A HEALTH body has called on bosses at Sunderland Royal Hospital to reduce the multi-million pounds of compensation handed out to patients who received sub-standard treatment.
In 2014, more than £7million was paid out on behalf of City Hospitals Sunderland NHS Foundation Trust to compensate patients and to pay legal fees in clinical negligence claims.
This is money that cannot be used for care of other patients at a time when the NHS is facing unprecedented demandDr Michael Devlin, MDU head of professional standards and liaison
The total figure shelled out in damages, to claimants and for legal defence since March 2008 is almost £40million.
The multimillion-pound litigation bill was met by the NHS Litigation Authority (NHSLA), which makes compensation payments on behalf of NHS Trusts, but the Medical Defence Union (MDU) today said the increasing costs of awards to the NHS can no longer be tolerated.
The trust, however, argued that costs had risen in recent years through increased litigation and inflation and that the organisation’s levels of safety are not any less effective.
Dr Michael Devlin, MDU head of professional standards and liaison, said: “Since 2008, around £40million has been paid to compensate patients and to pay legal fees as a result of negligence in Sunderland hospitals. This is money that cannot be used for care of other patients at a time when the NHS is facing unprecedented demand. We are facing a nationwide problem with the cost of clinical negligence claims.
“Claims inflation has been rising at a constant 10 per cent for the last few years and compensation awards are doubling in value every seven years.”
“Patients who have been negligently harmed need to be properly compensated so they know their health and social care needs will be met, but the NHS cannot continue to pay claims at this increasing rate. This is not a sustainable situation for the NHS or for taxpayers, who are footing these bills.”
Compensation awards can run to millions of pounds because defendant bodies like the NHSLA and the MDU are prevented from compensating on the basis that care will be provided by the NHS and local authorities.
In one NHS case, a child who suffered severe brain damage as a result of negligence at a hospital in another part of the country has been awarded compensation that could amount to £24million over her lifetime.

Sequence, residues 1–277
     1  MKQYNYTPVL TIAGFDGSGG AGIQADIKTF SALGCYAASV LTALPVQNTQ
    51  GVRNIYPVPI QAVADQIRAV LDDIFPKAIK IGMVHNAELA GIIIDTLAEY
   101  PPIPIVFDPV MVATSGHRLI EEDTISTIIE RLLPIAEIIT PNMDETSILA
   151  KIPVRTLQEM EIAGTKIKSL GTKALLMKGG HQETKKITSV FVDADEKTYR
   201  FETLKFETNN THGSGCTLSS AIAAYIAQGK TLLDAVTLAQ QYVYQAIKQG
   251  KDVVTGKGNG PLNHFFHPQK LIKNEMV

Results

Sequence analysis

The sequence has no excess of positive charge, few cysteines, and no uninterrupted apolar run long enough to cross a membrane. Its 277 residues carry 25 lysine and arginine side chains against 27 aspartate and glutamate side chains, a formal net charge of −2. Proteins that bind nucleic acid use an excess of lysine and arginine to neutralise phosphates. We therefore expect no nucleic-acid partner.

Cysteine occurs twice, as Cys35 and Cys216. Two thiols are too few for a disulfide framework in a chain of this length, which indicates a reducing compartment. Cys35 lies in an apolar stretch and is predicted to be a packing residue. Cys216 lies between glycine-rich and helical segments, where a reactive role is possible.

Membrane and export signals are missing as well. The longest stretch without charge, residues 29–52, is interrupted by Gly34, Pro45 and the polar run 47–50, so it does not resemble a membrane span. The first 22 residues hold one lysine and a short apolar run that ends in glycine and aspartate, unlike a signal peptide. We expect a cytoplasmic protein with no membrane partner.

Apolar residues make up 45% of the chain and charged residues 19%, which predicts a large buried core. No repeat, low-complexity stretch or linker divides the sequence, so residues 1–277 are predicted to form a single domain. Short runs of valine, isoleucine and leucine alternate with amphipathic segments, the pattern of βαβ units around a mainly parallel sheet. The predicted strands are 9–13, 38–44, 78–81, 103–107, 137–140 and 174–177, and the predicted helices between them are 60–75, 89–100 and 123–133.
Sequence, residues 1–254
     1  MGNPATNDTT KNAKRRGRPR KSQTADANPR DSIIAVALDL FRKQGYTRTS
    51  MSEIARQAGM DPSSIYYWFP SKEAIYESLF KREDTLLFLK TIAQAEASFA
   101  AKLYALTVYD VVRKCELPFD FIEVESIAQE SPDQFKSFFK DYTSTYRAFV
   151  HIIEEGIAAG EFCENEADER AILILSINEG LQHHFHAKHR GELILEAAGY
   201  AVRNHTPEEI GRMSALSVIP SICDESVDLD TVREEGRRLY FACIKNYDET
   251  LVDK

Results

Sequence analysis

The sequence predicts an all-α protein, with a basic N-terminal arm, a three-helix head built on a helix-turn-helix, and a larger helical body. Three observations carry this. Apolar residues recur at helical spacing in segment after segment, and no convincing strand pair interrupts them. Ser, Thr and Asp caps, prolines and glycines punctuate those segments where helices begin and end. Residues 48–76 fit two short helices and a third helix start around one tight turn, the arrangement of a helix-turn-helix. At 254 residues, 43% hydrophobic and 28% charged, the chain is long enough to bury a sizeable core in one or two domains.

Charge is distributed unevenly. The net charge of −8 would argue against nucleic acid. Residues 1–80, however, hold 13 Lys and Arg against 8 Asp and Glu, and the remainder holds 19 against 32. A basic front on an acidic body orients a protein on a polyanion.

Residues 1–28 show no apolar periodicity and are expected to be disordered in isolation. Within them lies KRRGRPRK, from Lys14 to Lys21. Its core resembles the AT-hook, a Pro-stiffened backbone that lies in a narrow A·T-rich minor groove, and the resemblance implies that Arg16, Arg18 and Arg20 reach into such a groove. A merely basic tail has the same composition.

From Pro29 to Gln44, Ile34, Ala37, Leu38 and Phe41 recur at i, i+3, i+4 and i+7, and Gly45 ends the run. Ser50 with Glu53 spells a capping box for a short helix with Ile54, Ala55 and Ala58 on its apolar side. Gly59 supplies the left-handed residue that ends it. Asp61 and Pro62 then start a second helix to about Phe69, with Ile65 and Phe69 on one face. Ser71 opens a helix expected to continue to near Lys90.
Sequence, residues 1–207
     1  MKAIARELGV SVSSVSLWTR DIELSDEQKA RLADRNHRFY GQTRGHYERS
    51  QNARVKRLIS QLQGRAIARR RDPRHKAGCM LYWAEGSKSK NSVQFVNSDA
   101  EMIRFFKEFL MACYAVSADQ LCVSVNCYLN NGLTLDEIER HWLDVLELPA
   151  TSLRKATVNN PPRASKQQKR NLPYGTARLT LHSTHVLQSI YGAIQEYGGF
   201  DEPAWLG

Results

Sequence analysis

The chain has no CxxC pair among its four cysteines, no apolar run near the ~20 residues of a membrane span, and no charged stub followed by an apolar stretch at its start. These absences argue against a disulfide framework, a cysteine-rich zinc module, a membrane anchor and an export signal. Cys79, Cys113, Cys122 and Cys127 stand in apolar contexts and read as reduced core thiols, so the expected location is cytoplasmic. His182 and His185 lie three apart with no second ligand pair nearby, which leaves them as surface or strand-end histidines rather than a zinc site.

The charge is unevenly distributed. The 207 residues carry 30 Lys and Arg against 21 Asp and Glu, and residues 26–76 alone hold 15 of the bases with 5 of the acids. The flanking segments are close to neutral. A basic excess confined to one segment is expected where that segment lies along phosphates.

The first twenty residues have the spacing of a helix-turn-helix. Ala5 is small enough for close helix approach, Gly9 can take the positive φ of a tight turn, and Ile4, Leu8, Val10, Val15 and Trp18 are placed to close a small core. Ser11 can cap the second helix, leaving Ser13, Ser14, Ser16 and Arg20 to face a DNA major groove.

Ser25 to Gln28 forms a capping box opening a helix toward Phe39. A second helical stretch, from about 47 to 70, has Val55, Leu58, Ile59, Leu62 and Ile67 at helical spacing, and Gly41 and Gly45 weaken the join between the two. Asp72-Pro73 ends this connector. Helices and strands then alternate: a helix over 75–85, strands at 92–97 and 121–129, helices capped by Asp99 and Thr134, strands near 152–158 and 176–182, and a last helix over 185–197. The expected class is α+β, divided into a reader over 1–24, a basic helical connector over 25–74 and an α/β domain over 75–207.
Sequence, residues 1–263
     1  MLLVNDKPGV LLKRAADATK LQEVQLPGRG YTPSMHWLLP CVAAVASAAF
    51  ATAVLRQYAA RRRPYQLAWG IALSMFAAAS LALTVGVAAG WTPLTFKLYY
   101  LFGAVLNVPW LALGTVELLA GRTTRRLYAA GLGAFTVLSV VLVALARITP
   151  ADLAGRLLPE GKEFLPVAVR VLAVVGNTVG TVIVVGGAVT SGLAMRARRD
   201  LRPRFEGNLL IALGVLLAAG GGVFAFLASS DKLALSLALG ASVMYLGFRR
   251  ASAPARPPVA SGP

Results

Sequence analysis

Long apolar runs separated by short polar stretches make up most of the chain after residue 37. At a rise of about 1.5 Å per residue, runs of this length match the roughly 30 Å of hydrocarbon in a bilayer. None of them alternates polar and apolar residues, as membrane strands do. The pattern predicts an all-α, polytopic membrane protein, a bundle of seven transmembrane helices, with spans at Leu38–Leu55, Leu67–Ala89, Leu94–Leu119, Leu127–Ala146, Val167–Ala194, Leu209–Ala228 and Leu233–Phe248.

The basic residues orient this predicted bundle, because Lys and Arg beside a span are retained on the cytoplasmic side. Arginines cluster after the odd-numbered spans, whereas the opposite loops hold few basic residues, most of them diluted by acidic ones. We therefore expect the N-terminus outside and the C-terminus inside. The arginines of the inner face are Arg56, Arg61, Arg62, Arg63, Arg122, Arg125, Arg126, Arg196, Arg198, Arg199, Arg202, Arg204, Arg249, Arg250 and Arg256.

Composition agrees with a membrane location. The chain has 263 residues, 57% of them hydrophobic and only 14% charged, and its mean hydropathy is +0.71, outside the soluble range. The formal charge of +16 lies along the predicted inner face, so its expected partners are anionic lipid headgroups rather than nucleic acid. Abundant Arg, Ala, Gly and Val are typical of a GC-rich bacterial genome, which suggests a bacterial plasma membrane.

A spokesman for City Hospitals Sunderland NHS Foundation Trust said: “Medical negligence claims have obviously risen in the last few years throughout the NHS, not least due to increased litigation, claims inflation, and the scale of some payouts.
“This does not mean that our trust’s levels of safety and risk management are any less effective, but simply that the claims which have been met, involving a minority of cases, are greater in value than they used to be.
“Most patients are treated with greater skill and precision than ever before, and return home faster, with better outcomes.
“Of the well over half a million patients that we see every year, the vast majority attest to the highest levels of care and treatment, literally comparable with anywhere in the world.
“The trust consistently scores very highly for all aspects of patient care and quality of service.
“The levels of modernisation that have taken place in recent years have provided Sunderland with one of the best acute hospitals in the country, with a service provided by some of the most dedicated, professional staff, who have come to live and work in the area because of our reputation as a specialist centre of excellence.
“In such a hugely demanding environment dealing in matters of life and death, unfortunately from time to time things do go wrong, and although that is no comfort to those involved, we do try to learn from our mistakes in order to improve and develop our service.
“A recent “Perfect Week” multi-agency pilot that we ran last week, to monitor our systems and how we coped with the huge number of patients that we now care for (last week over 370 attendances in our emergency department (A&E) every day), was a highly successful learning exercise in how to constantly upgrade and develop our service so patients get through the system quicker, with better outcomes and an improved experience.”